Nelda Schrupp – Nakota Sioux

Published on January 11, 2013 by Amy

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Nelda Schrupp
Nelda Schrupp

Growing up on the White Bear Indian Reservation in Saskatchewan, Canada, Nelda Schrupp’s roots are revealed in everything she creates.

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Schrupp combines her heritage with inspiration gathered from the European masters to create her own work.

Schrupp says, “A great deal of my work revolves around the rattle, a sacred object which may be used in spiritual ceremonies.”

“Medicine men use the rattle during prayer, believing that the sound helps carry their prayers to the Great Spirit.”

“I call my art pieces amuletic forms with audio aesthetics, referring to the sacredness of the rattle and the sound (voice) that emanates from the pieces.”

Each shape, color, and material used in her amuletic rattles holds a significant meaning:

  • squares, rectangles and triangle shapes represent the fate of Native Americans “boxed in” on reservations;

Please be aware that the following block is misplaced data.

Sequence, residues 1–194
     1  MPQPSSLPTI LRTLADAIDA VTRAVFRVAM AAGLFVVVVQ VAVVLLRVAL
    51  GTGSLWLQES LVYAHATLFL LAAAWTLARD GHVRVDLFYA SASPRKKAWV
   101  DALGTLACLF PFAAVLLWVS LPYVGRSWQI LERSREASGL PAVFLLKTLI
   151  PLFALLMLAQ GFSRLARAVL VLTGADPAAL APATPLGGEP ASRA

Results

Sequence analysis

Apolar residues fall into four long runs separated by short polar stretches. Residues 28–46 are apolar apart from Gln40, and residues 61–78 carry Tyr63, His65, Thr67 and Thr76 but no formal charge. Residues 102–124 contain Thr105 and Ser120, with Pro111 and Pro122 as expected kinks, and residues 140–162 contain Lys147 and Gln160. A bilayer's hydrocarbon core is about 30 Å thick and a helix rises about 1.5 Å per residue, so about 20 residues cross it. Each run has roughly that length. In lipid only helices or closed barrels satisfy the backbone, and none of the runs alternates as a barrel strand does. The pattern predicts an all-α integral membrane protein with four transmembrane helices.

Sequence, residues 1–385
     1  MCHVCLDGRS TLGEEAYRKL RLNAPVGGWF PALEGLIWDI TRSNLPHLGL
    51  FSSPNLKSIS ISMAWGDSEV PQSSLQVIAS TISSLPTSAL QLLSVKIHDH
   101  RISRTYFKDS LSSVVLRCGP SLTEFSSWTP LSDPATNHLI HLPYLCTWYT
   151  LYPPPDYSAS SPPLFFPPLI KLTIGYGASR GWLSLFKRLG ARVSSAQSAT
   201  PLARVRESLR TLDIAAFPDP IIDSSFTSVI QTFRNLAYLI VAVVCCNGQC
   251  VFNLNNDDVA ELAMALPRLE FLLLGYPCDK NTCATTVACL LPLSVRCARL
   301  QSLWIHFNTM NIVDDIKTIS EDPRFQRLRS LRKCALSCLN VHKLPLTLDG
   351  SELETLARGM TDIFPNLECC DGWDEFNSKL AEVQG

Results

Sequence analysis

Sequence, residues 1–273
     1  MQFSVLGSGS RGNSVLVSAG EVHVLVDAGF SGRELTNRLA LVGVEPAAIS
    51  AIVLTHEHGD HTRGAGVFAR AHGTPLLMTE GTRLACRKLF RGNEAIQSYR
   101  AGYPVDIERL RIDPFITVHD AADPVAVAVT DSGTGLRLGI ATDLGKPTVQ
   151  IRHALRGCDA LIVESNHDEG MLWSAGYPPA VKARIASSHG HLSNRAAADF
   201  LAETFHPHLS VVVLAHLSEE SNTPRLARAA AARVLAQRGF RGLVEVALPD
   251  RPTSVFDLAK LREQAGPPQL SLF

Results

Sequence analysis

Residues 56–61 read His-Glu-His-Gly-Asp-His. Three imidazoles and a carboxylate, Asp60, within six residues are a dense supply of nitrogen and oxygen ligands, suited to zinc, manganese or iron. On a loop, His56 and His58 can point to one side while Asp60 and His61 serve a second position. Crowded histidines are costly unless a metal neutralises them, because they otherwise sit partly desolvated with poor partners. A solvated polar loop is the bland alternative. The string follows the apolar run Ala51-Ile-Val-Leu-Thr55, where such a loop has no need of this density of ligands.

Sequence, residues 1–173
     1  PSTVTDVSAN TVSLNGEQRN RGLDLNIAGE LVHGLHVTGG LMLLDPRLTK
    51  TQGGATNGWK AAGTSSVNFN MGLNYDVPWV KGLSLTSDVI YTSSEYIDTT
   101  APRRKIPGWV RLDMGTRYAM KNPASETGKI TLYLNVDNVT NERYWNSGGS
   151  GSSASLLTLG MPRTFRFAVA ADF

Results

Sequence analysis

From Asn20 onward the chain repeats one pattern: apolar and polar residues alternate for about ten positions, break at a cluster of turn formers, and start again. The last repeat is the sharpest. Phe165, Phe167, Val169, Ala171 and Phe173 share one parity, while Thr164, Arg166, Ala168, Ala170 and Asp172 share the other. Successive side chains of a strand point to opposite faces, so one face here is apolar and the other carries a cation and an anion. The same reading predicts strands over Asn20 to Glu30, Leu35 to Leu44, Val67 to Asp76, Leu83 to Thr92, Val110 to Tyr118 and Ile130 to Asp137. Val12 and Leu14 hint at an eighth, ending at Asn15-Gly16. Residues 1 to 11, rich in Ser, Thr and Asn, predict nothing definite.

• the circle symbolizes the Circle of Life;
  • free-flowing shapes represent how the spirit of Native people could not be harnessed or tied down;
  • deer horns and horsehair extensions honor the animals “for their special role in helping Native people persevere and survive.”
  • Schrupp’s jewelry works are abstract, fluid, miniature renditions of her traditional rattles.

    Crafted in silver, gold, copper, horsehair, deer antler and semi-precious stones, the pieces truly draw the eye and mind into her world.

    The youngest of 11 children, Nelda earned her degrees at the University of North Dakota, a BFA in Visual Arts in 1990, with a minor in Anthropology and an MFA with an emphasis in metalsmithing, jewelry and small sculpture in 1993.

    Schrupp has been honored as part of many exhibitions.

    She was named a Smithsonian Art Fellow, and her work is included in the permanent collection at the Renwick Gallery in Washington, DC, and the Eiteljorg Museum of American Indian and Western Art in Indianapolis, Indiana!

    Her work has also been published numerous times, including Native Peoples Magazine, Changing Hands: Art Without Reservations 2, and North American Indian Jewelry and Adornment from Prehistory to Present.

    In addition, her work is exhibited at the Plains Art Museum in Fargo, ND, the Akta Lakota Museum & Cultural Center, Chamberlain, SD and traveled with the “Lewis and Clark Exhibition.”

    Source: aktalakota Unabridged
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